As for celeriac, my experience has been the same as yours. I repeatedly begged the local store to carry celery root and finally last year they started to have them sometimes. But it’s darn expensive here too. Haha, everything is “ancient”, some things just never been used in some countries. Every time I go through the Safeway checkout, they ask me what I do with them. I buy them up when I can, usually four at the time, each small celeriac costing $5.75. I still have some from our garden, and I have been afraid to check if the store still carries them. In about a month I will be out there looking for them again.

  7. Zsuzsa, I am happy because celeriac is available here all year round and it's quite cheap! However I pay a lot for parsley... I have heard that in some countries they cheat and try to pass parsnip as parsley (apparently it's cheaper to grow!).
    I also have parsley on my balcony :-) I must say every year when the temperature gets really low (usually end of December) I have several small roots (my boxes are not deep enough). They are particularly aromatic!
    It's funny they always ask you when you buy celeriac! When I buy green tomatoes on the market the Turks who sell them as second (or third) category tomatoes ask me what I do with them. Lately I have talked longer to one of them and he told me that in Turkey they also use it for pickles! (He was surprised because I wasn't Turkish and kept on buying green tomatoes and hot chili all the time ;-) ) They also sell the long sweet peppers used in Hungary all year round, so I'm very lucky.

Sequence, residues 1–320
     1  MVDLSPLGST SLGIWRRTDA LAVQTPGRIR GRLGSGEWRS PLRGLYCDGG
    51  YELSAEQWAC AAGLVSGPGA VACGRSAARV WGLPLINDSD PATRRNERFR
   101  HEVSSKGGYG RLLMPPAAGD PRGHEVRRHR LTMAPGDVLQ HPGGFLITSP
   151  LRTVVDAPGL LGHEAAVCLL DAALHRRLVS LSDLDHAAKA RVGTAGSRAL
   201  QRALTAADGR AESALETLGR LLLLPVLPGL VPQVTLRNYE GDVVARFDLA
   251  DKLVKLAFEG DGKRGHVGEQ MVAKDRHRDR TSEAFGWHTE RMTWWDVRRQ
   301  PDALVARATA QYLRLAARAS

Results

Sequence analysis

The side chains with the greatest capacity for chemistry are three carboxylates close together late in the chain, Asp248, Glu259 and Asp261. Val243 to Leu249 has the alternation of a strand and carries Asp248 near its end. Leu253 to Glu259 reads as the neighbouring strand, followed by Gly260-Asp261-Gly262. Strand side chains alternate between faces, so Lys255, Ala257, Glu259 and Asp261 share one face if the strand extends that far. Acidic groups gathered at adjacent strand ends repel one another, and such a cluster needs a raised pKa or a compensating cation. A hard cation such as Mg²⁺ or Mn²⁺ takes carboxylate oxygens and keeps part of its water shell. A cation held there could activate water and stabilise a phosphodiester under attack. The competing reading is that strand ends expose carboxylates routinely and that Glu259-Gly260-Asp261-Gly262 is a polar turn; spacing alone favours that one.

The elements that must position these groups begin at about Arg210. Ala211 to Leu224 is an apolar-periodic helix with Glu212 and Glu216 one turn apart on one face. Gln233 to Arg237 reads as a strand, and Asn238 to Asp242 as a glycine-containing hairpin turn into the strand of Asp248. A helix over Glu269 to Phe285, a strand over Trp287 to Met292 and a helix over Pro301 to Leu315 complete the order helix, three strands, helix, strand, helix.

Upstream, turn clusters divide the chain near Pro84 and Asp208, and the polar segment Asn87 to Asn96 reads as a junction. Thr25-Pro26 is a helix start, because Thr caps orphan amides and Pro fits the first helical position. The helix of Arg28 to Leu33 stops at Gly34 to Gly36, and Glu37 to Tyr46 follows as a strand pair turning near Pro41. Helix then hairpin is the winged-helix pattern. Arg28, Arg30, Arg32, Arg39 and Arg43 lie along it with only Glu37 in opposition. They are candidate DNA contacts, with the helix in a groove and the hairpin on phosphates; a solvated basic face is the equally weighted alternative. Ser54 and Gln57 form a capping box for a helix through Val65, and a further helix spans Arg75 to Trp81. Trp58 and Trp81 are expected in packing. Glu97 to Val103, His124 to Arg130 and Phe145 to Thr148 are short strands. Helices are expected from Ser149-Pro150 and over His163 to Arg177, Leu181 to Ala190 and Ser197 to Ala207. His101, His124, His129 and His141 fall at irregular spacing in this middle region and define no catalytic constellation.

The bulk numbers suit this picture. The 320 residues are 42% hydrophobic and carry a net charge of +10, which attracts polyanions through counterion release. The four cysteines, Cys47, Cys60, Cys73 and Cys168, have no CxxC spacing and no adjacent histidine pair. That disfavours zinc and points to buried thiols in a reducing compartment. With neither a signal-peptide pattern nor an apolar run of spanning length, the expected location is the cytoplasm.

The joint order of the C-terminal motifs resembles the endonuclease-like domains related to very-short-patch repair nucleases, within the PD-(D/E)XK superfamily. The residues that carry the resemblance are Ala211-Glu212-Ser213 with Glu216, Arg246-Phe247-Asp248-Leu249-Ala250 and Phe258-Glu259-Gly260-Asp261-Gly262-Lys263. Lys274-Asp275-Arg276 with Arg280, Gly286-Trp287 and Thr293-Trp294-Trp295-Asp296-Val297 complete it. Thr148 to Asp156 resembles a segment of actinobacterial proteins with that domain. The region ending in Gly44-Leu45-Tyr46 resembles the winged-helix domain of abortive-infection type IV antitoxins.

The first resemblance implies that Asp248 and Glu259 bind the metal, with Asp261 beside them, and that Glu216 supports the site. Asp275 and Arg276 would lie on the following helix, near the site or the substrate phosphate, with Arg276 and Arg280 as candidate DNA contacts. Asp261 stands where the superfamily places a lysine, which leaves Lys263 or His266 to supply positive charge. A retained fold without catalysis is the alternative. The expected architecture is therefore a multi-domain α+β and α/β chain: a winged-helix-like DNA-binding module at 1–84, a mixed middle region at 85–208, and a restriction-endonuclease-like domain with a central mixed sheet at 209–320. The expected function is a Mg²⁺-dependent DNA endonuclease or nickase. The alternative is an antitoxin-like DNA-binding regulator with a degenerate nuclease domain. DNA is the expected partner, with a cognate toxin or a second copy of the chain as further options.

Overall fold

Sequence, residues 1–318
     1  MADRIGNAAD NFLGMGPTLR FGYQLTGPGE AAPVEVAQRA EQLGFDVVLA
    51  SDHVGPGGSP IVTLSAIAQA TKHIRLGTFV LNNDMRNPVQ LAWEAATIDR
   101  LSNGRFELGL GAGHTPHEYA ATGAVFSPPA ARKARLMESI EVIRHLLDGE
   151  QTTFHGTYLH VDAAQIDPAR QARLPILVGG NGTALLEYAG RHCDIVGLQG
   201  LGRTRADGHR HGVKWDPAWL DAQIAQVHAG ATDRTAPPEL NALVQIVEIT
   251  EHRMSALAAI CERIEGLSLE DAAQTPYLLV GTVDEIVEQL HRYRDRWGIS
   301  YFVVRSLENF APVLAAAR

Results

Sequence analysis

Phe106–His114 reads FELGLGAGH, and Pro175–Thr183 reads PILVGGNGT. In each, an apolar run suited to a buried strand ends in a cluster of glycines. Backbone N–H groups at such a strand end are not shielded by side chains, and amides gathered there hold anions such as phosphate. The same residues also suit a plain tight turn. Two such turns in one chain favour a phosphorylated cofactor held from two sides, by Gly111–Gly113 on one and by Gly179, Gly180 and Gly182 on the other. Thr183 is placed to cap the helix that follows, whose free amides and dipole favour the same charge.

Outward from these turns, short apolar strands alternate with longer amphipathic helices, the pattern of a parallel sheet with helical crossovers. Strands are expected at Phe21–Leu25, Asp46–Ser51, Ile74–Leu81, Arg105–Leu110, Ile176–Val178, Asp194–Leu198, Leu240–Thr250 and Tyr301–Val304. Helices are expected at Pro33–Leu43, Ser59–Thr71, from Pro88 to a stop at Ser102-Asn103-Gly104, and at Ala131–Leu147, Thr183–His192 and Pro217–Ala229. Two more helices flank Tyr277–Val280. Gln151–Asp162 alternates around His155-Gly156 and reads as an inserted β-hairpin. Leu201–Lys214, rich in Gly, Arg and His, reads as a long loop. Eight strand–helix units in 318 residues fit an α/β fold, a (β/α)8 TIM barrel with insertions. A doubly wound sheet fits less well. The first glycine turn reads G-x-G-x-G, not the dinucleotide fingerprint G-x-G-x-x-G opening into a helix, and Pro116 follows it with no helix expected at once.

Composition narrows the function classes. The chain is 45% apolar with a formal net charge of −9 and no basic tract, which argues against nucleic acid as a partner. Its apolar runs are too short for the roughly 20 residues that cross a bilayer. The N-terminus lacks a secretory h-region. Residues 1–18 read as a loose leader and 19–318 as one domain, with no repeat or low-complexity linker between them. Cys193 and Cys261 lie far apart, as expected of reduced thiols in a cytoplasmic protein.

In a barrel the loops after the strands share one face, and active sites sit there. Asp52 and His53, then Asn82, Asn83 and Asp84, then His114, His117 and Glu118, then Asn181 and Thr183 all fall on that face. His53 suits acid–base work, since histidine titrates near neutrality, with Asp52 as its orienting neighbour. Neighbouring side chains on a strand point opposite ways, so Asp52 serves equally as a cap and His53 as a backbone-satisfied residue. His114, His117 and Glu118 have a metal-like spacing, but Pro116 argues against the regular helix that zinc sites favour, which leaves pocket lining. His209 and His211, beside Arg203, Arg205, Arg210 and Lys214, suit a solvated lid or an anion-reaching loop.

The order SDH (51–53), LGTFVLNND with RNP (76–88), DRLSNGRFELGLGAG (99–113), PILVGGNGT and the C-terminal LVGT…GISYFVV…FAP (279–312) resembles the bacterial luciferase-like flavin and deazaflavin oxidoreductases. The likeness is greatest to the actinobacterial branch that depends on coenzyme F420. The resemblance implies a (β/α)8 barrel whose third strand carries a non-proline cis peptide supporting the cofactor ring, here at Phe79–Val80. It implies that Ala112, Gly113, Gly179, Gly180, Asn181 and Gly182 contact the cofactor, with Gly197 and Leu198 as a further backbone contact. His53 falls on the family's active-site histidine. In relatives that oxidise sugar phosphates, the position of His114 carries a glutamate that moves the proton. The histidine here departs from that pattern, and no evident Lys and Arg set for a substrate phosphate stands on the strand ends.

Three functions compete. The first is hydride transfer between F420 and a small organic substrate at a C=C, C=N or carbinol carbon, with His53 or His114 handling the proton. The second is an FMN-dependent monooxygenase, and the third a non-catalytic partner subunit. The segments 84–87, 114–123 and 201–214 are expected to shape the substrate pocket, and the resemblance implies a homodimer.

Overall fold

By the way, I always wash celeriac very well and use only the ugly peel in soups and stocks (it freezes very well too!). The rest goes to celery remoulade, an excellent raw celeriac salad. I hate cooked celeriac, but I love it as aromatic addition to stocks.

  8. Oh yes, parsnip grows like a weed and it winters well even in cold climates. Last year we had last year's parsnip until May! This year they did not do so well and soon I will have buy them too. I just LOVE celeriac salad or a bit of cooked celeriac mixed in my mayonnaise based potato salad.